Gulf Shores, Alabama, will soon have a new microbrewery, thanks to a unique owner. Dr. Jim Shamburger, a local dentist, also wants to open the Big Beach Brewery in Baldwin County’s three-year-old Waterway District. Shamburger and his wife Julie would like to open the brewery to enhance the area’s reputation of “Small Town, Big Beach.” The Shamburgers are eager to participate in the Waterway District’s tourism industry, bringing positive attention and economic growth to Baldwin County this summer.
Big Beach Brewery would be only the second brewery in Baldwin County – Fairhope Brewing Company is the other. Gulf Shores Planning and Zoning Director Andy Bauer looks forward to the brewery’s opening, citing it as a vital part of the vision for the Waterway District. This district is already home to Tacky Jack’s and the Acme Oyster House, so in the minds of many, a brewery would be the perfect complement. It would allow natives and tourists to access great food and beverages in one place and increases business for three establishments at once.
Dr. Shamburger has several plans for the brewery’s construction. According to his most recent plan, the brewery will be located on the corner of East 24th Avenue and East 2nd Street across from Tacky Jack’s. The brewery will have a small courtyard, allowing for prime views of both streets. The courtyard will be used for games like bocce ball, corn hole, and horseshoes, as well as outdoor seating. Big Beach Brewery will sport indoor and outdoor fireplaces, as well as unique brick, metal, and hardi-board construction.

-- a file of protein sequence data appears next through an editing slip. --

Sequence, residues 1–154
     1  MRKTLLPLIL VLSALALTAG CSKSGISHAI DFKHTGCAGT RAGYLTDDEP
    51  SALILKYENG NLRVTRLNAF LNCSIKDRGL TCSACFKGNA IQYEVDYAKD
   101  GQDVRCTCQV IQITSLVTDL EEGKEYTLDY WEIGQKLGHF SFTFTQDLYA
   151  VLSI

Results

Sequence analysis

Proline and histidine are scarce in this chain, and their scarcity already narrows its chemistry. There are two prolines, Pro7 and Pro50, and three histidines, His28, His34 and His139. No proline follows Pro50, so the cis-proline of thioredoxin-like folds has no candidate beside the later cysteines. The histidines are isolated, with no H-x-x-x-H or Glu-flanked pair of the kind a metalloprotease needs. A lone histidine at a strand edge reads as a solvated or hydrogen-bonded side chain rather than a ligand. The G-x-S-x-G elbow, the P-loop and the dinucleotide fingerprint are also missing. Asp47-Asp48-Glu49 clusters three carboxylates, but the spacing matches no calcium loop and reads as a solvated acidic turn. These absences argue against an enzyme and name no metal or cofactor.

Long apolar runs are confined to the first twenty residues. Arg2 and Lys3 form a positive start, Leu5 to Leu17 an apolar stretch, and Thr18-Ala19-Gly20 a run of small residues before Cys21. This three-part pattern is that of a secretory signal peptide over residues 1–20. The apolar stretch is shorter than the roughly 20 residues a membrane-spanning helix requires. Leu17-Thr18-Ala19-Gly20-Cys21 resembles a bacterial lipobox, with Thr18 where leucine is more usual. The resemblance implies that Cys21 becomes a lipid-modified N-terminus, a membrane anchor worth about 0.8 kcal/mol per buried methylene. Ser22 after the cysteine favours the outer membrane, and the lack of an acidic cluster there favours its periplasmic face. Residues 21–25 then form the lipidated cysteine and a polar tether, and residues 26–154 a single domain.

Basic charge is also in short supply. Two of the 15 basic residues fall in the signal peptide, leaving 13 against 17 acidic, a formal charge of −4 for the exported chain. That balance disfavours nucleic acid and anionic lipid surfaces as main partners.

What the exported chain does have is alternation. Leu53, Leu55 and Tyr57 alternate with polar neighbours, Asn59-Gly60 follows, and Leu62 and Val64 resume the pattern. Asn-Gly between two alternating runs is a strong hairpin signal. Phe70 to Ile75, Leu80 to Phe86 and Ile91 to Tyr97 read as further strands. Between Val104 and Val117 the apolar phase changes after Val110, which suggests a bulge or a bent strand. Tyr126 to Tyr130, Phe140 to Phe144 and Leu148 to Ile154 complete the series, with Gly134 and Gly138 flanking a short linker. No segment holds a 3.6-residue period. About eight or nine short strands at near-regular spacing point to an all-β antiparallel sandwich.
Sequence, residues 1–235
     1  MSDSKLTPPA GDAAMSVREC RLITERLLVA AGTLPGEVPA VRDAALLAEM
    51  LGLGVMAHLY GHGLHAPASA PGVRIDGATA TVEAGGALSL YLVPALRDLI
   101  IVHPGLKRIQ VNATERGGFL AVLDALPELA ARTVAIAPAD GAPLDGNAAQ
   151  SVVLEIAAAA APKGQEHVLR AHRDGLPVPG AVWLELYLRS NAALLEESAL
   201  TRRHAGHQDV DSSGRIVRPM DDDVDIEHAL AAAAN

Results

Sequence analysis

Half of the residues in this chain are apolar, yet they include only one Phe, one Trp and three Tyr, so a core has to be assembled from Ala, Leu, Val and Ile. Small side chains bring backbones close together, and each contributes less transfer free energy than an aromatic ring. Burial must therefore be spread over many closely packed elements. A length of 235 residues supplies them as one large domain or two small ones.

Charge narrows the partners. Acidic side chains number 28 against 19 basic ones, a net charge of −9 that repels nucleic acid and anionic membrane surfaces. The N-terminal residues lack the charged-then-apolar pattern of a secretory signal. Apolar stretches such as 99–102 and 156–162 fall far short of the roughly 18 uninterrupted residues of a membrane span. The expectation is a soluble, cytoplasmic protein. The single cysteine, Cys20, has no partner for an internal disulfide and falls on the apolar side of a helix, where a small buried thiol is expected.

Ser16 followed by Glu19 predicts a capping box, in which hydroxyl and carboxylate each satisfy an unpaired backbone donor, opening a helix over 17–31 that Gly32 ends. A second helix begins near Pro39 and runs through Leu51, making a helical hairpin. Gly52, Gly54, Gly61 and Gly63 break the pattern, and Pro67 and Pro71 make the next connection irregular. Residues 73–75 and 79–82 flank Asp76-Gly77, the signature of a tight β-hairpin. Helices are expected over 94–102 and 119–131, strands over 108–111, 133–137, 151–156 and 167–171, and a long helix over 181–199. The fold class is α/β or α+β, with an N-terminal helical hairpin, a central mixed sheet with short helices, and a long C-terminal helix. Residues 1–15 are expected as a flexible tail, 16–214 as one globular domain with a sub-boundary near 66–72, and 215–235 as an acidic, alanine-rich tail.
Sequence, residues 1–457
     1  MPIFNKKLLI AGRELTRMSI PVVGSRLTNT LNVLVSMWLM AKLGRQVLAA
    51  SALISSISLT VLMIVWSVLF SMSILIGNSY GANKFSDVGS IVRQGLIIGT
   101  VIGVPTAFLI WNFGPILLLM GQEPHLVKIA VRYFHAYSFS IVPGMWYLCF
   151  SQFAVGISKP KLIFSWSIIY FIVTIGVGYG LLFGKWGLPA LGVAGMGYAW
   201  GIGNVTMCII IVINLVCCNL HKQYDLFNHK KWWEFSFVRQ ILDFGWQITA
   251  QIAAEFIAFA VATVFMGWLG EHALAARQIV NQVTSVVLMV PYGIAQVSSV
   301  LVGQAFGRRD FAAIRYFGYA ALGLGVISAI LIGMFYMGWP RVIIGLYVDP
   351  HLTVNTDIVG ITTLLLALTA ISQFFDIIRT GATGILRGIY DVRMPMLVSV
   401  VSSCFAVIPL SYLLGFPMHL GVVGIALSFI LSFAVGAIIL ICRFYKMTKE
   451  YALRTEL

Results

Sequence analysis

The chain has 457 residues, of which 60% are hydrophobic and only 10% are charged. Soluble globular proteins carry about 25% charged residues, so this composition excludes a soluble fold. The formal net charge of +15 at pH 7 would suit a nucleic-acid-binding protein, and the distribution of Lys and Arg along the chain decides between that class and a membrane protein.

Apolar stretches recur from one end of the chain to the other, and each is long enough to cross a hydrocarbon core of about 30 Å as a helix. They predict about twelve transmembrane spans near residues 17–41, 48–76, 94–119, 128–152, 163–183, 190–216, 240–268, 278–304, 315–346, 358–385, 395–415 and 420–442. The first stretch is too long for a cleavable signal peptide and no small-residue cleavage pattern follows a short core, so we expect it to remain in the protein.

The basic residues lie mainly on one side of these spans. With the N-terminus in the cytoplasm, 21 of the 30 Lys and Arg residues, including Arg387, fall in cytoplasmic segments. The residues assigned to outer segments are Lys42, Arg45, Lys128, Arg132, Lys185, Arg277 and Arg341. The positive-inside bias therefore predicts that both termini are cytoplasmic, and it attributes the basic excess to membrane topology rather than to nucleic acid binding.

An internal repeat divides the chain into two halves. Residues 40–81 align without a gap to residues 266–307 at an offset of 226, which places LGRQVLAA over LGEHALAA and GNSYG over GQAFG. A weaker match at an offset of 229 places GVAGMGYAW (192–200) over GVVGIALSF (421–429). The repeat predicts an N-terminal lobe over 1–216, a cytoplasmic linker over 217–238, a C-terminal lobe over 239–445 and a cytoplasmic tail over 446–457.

The Big Beach Brewery will produce between four and six types of beer, both for on-site consumption and resale to local restaurants. It will have only 36 parking spots, which will save several trees and keep the community environmentally friendly. Andy Bauer reports that Shamburger and his team have already saved nine large oak trees during the building process.
Some opposition to Dr. Shamburger’s plan came from citizens who were concerned that the brewery would be close to a local Methodist church and might offend congregants. However, just as Dr. Shamburger is concerned about the environment, he is conscious of his patrons’ health and sobriety. He plans to give the brewery “the feel of a neighborhood bar,” with only certain beers served inside. He projects this, combined with the brewery’s limited parking, will encourage patrons to stay only a couple hours or so rather than for most of the evening.
If the city gives its final approval, the Big Beach Brewery could be open within three to six months. The Shamburgers consider the Gulf Shores community home, and they are eager for the new brewery to feel like home for their fellow community members.
For more information on Gulf happenings, or to inquire about real estate opportunities in the area, contact Kris Powell today.